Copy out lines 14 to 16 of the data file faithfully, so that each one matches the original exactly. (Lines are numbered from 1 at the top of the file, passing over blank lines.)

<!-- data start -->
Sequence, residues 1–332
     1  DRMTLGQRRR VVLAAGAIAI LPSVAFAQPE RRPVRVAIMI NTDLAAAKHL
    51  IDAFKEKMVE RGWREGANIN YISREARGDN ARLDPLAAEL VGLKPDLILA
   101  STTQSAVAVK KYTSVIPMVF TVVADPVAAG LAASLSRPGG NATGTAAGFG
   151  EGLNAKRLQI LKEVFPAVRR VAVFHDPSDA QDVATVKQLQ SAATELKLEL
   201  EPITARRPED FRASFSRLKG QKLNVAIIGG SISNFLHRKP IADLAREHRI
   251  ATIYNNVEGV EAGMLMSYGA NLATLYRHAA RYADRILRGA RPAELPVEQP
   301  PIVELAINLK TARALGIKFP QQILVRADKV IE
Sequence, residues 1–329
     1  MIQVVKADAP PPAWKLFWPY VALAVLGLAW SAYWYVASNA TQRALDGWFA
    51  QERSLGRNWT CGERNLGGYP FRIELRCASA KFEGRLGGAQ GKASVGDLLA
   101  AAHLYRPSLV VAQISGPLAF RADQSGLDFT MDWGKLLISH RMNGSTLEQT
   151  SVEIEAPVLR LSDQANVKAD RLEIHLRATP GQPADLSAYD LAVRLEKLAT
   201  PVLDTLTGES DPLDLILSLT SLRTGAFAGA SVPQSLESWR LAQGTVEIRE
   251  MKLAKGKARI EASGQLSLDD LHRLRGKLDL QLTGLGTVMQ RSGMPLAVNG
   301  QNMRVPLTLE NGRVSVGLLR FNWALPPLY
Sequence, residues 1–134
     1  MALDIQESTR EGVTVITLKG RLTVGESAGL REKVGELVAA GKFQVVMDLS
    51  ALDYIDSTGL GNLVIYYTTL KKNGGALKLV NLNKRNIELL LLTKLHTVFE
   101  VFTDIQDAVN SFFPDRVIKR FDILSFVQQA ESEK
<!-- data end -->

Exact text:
   201  PVLDTLTGES DPLDLILSLT SLRTGAFAGA SVPQSLESWR LAQGTVEIRE
   251  MKLAKGKARI EASGQLSLDD LHRLRGKLDL QLTGLGTVMQ RSGMPLAVNG
   301  QNMRVPLTLE NGRVSVGLLR FNWALPPLY